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T2* relaxation

In practice however, there is an additional dephasing of moments caused by the inhomogeneities of the external field itself that also reduces net magnetization. Therefore the total reduction of the transverse component of magnetization over time is the resultant of the above described $T_2$ relaxation and this new process caused by the external field inhomogeneities. The latter is called $T'_2$ relaxation and usually also acts as an exponential reduction with a time constant $T'_2$. The sum of these two effects results in another exponential decay with characteristic time $T^*_2$ given by the following:

\frac{1}{T^*_2} = \frac{1}{T_2} + \frac{1}{T'_2}(1)

In the formula above the reciprocals of characteristic times are usually referred to as relaxation rates, so (1) says that the relaxation rates simply add up.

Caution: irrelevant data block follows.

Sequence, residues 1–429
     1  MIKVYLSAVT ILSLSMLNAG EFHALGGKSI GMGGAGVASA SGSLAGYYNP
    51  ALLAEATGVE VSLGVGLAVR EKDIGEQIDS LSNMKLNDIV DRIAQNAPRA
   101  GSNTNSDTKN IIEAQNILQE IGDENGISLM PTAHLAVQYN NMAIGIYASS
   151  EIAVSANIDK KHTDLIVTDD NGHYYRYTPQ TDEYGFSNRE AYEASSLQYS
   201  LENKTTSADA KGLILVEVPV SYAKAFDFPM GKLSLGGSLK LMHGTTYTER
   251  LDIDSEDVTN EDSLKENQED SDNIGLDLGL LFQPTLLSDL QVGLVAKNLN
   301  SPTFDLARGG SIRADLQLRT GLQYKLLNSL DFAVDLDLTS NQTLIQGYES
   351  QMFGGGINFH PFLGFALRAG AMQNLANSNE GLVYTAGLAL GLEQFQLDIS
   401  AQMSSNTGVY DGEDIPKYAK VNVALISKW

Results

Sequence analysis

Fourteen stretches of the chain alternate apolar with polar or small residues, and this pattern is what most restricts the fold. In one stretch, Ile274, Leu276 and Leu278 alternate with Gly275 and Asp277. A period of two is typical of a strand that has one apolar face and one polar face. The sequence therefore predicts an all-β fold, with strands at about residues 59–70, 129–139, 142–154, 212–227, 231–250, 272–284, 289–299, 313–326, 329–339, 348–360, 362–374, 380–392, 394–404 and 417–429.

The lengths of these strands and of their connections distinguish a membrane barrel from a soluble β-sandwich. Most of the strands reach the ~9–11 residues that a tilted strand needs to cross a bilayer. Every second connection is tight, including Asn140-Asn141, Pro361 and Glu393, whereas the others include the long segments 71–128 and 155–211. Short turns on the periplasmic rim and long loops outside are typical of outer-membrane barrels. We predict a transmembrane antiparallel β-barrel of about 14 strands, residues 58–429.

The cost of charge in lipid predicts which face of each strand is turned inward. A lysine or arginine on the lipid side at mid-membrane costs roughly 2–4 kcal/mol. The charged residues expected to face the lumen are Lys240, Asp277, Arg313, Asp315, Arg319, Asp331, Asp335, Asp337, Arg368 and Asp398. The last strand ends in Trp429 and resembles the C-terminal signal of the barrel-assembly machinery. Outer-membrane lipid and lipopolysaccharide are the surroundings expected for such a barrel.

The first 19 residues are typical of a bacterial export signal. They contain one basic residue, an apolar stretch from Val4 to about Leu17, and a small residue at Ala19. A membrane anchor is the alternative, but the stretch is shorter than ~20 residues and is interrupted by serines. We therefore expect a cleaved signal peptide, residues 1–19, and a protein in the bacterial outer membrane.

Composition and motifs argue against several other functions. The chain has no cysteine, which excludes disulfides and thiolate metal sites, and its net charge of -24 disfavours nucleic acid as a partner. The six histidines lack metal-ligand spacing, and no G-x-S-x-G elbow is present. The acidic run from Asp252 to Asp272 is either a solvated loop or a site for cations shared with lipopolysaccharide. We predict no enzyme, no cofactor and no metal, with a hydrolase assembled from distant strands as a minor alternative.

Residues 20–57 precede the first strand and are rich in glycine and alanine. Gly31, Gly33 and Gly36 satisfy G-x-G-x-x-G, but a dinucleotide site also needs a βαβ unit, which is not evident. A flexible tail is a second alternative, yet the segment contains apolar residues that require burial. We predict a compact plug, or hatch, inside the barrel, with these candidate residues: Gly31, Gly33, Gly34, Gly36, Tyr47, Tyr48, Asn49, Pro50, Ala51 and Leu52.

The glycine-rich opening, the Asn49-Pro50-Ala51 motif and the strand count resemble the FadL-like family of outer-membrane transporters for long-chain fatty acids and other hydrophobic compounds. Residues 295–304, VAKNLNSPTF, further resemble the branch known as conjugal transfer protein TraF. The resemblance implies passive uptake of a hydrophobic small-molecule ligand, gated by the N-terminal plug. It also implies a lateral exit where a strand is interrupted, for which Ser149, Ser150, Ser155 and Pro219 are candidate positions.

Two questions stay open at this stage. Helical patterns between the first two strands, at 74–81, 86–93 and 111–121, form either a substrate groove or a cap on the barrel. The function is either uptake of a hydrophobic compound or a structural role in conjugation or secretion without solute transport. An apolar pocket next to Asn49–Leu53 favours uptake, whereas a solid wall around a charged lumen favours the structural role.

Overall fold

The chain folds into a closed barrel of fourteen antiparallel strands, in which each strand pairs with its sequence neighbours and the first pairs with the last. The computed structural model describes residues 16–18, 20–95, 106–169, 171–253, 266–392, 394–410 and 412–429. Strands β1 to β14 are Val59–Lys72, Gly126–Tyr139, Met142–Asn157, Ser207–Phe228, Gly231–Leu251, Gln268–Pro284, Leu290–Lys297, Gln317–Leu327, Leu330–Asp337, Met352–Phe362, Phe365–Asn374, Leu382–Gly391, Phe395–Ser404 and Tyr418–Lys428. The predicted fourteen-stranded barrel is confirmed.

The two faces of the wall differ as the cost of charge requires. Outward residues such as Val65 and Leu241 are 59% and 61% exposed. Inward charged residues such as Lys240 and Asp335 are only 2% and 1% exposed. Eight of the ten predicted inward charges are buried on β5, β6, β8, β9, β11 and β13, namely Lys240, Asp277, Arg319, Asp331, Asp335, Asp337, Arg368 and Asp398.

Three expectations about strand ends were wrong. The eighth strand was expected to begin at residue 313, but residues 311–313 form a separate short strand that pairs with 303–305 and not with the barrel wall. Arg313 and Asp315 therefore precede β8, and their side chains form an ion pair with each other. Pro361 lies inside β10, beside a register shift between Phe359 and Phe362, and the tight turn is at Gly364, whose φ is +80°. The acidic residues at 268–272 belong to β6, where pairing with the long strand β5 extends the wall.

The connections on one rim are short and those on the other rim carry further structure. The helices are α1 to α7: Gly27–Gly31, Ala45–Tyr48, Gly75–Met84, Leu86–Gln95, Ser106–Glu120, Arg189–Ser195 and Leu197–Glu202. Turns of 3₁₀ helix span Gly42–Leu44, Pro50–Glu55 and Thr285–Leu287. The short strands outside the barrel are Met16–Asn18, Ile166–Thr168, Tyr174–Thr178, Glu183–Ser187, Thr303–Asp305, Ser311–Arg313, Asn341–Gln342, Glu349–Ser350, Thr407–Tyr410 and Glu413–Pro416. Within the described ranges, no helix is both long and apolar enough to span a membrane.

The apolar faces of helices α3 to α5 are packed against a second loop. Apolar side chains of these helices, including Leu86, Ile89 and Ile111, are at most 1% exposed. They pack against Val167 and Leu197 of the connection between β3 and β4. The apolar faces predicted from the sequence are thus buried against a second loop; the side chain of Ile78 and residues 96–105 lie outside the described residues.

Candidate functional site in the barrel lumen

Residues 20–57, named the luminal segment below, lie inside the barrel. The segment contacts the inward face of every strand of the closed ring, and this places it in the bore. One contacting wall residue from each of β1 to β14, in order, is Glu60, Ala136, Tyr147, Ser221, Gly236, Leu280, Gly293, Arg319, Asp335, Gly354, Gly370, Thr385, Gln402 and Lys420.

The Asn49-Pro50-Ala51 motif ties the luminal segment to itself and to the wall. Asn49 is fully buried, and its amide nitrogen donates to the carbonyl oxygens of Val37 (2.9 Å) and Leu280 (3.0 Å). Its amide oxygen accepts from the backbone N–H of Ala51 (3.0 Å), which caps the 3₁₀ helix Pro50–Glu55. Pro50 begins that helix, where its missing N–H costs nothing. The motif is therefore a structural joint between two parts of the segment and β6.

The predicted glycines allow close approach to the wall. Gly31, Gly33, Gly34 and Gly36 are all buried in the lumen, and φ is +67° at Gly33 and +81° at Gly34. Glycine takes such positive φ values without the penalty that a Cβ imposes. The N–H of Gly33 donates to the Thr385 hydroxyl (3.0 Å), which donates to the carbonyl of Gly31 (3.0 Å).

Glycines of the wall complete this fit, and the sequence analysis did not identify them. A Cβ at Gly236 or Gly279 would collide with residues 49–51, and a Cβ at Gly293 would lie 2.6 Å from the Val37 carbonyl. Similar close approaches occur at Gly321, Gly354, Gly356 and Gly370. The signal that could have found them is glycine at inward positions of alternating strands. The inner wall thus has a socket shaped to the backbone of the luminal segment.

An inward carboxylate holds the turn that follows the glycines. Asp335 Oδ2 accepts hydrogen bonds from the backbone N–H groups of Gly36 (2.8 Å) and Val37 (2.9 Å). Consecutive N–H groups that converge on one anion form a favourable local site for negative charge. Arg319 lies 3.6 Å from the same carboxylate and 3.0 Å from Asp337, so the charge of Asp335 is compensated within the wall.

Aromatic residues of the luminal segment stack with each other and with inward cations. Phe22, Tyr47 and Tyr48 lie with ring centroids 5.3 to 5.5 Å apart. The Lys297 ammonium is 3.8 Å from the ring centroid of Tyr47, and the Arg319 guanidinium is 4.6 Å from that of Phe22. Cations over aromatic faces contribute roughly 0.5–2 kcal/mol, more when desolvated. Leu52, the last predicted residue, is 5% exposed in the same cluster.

Now that we introduced the relaxation effects, we can construct the total system of equations of motion for a static field. Assume we have a static and perfectly homogeneous magnetic field (so there is no $T'_2$ dephasing) points to the $z$ direction. Then the equations in the laboratory frame:

\frac{ \mathrm{d} M_x } { \mathrm{d} t } = \omega_0 M_y - \frac{M_x}{T_2}(2)
\frac{ \mathrm{d} M_y } { \mathrm{d} t } = - \omega_0 M_x - \frac{M_y}{T_2}(3)
\frac{ \mathrm{d} M_z } { \mathrm{d} t } = \frac{M_0 - M_z}{T_1}(4)

By using the complex formalism introduced at the classical description of precession, the first two coupled equation will become one complex equation:

M_+ = M_x + \mathrm{i} M_y(5)
\frac{ \mathrm{d} M_+ } { \mathrm{d} t } = - \mathrm{i} \omega_0 M_+ - \frac{M_+}{T_2}(6)

And the solution with this complex description will be

M_+ (t) = M_+ (0) \mathrm{e}^{ - \mathrm{i} \omega_0 t - \tfrac {t}{T_2}}(7)
M_z (t) = M_z (0) \mathrm{e}^{ - \tfrac{t}{T_1}} + M_0 \left ( 1 - \mathrm{e}^{ - \tfrac{t}{T_1}} \right )(8)

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